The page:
In a virtual production environment, the researchers use a specially developed methodology to determine the points at which the assembly of new components must be adapted. The scenarios generated in this way are validated by simulation models in virtual environments. Stations whose workflows are particularly affected by integrating e-trucks can be virtually mapped in detail – right down to the process level, i.e., to the individual assembly steps. If no adjustments need to be made to the station, it is only modeled at the structural level. By mapping production processes virtually, it is possible to determine in advance the sequence in which both drive types can be assembled as efficiently as possible.
Such an approach is particularly important on an existing assembly line because of the large number of possible vehicle configurations. “No two identical vehicles roll off the assembly line at our plant every day,” says Neukam. MAN Truck & Bus configures according to customer requirements. “Even with the diesel trucks, we have a thousand variants in different lengths, different numbers of axles, different installation spaces, and other essential variations. With the e-trucks, a second form of powertrains is now being added to the multitude of variants.” Therefore, another goal of the project is to create a flexible process for the production of the upstream battery module and battery packs. This is the only way to provide packs that precisely fit the different truck variants.
Optimizing production processes in a virtual environment
The digital representation of the manufacturing line created by Fraunhofer IGCV goes beyond a mere material flow simulation. “We can map processes and store floor characteristics in the virtual factory model that are not taken into account in a material flow simulation,” explains Thomas Neuhäuser, project manager “eTruckPro” and group leader Collaborative Factory Planning at Fraunhofer IGCV. “For example, we can see very quickly whether there is enough space for operators at an assembly station or whether they get in each other’s way. The 3D modeling makes this easy to understand for everyone involved.”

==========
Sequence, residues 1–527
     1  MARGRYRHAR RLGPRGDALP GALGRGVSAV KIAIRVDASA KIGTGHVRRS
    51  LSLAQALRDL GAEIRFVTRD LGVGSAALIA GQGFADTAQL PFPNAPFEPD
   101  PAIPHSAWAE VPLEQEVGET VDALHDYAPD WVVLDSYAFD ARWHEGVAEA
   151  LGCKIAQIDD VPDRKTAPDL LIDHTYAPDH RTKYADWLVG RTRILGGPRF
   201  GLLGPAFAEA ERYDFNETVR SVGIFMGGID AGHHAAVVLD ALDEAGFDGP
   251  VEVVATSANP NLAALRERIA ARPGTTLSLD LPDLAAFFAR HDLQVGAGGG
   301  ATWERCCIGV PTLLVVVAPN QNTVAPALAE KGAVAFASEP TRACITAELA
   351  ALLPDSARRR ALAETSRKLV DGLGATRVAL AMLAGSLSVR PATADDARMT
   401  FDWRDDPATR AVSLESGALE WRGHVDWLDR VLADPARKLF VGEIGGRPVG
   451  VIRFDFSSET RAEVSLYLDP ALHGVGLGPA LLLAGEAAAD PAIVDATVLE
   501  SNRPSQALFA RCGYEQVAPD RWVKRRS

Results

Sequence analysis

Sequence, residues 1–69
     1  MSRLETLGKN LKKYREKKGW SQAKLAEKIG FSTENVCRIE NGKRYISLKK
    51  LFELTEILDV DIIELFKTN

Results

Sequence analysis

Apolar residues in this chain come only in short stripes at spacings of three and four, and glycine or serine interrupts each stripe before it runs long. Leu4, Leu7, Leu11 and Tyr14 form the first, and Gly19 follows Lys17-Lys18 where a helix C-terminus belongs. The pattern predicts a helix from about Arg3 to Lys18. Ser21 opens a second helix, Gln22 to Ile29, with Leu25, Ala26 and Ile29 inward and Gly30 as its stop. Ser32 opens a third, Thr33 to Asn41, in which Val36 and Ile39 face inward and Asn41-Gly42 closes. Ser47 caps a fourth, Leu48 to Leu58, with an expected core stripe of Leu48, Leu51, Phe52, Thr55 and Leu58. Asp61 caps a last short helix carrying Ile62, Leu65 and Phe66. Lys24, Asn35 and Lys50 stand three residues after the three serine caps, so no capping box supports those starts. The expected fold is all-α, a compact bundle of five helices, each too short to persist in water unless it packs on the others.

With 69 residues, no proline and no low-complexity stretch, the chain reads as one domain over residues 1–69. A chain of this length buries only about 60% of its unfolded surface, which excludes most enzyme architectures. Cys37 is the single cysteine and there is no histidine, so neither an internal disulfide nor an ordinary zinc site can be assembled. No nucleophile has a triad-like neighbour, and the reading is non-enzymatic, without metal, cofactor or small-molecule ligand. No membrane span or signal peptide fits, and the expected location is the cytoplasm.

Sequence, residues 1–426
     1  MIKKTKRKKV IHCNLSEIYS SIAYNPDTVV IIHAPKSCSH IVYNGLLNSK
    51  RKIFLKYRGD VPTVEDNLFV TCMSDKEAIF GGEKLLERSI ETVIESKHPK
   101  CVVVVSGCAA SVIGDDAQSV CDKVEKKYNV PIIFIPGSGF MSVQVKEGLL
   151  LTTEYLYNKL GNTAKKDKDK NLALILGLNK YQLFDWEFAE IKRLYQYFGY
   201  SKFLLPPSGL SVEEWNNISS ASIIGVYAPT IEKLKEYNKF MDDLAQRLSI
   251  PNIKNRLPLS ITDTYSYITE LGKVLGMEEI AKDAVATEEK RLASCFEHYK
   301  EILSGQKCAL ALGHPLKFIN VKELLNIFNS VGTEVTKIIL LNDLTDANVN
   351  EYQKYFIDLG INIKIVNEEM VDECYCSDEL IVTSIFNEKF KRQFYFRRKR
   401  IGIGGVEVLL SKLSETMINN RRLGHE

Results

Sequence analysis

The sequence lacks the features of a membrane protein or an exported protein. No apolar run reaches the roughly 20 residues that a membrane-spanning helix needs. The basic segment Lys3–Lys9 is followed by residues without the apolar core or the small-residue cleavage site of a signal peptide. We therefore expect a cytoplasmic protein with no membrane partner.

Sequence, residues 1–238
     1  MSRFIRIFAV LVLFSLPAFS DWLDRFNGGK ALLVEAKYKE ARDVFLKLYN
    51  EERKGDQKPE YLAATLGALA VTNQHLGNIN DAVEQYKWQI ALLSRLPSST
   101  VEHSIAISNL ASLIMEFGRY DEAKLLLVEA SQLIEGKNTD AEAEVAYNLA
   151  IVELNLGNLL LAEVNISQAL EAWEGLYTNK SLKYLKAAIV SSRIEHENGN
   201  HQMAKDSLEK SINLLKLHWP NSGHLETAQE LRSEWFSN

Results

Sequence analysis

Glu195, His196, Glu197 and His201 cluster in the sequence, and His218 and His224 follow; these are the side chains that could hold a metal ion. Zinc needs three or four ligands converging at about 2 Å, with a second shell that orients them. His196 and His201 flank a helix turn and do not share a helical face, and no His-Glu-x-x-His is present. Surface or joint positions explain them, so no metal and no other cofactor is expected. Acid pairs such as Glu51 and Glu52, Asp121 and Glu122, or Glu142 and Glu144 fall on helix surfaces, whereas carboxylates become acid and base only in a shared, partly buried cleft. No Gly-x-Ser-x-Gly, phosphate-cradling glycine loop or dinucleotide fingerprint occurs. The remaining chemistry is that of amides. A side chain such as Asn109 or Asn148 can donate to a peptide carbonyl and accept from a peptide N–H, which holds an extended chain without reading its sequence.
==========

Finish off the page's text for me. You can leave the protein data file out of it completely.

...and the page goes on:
The advantage of the entire project is clear: By using an existing assembly line and line balancing, additional costs – such as the purchase of more operating equipment and production space – can be avoided. Manufacturers can thus initially produce small quantities, test them, successively expand them to reach maturity, and scale them up further in line with customer demand. Within the digital factory, the Fraunhofer IGCV team can now test to what extent hybrid assembly is feasible in the context of prevailing production boundary conditions: At which stations are the most significant changes to be expected? How can individual processes be redesigned to make them more cost-efficient? And which suggestions cannot be implemented due to spatial restrictions, and which can?
Testing the assembly line under real-life conditions
Based on these findings, the team will soon set up a demonstrator platform at the Fraunhofer IGCV Augsburg location. The platform is used to physically represent production systems on a smaller scale. This allows different concepts to be tested and evaluated together with MAN Truck & Bus – collaboratively, realistically, and across disciplines. In addition, employee support using cognitive assistance systems (augmented reality) is mapped for hybrid assembly. Through this, all relevant aspects become more tangible and essential questions can be answered together – such as how such an adaptable system can be implemented at all under different framework conditions, how it can be made more flexible, how employees can be supported with regard to the increasing number of variants, and how the resulting research findings can be applied to industrial applications. In this way, the research results are helping to realize the implementation of a more environmentally friendly truck fleet and increase Germany's competitiveness in the production of commercial electric vehicles.
 Frost & Sullivan (March 8, 2021), »Truck OEM Strategies for GHG/CO2 Regulation Compliance, 2020-2030«